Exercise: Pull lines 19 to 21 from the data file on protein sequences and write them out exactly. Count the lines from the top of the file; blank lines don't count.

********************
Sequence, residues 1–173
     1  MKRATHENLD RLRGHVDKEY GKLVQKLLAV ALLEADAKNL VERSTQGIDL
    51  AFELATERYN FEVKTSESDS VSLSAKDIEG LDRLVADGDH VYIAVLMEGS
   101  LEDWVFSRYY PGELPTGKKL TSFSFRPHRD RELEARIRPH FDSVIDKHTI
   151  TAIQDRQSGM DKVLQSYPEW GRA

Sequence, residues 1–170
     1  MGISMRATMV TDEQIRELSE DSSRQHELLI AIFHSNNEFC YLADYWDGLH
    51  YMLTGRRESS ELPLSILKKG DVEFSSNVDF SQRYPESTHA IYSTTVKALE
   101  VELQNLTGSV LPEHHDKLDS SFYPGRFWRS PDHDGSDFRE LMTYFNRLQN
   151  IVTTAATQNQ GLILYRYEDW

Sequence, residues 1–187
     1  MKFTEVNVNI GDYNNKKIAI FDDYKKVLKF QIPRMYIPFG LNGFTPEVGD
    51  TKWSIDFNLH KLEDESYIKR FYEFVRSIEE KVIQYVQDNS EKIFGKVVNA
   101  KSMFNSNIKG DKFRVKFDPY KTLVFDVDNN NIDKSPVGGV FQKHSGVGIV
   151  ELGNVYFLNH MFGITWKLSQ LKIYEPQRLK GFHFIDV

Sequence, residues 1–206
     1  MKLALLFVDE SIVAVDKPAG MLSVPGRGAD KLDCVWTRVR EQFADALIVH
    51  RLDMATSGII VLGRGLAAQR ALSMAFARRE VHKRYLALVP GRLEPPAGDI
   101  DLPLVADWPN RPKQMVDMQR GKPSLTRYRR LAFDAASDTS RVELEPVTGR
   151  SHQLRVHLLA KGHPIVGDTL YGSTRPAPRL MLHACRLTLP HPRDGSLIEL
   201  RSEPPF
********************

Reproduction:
   101  DLPLVADWPN RPKQMVDMQR GKPSLTRYRR LAFDAASDTS RVELEPVTGR
   151  SHQLRVHLLA KGHPIVGDTL YGSTRPAPRL MLHACRLTLP HPRDGSLIEL
   201  RSEPPF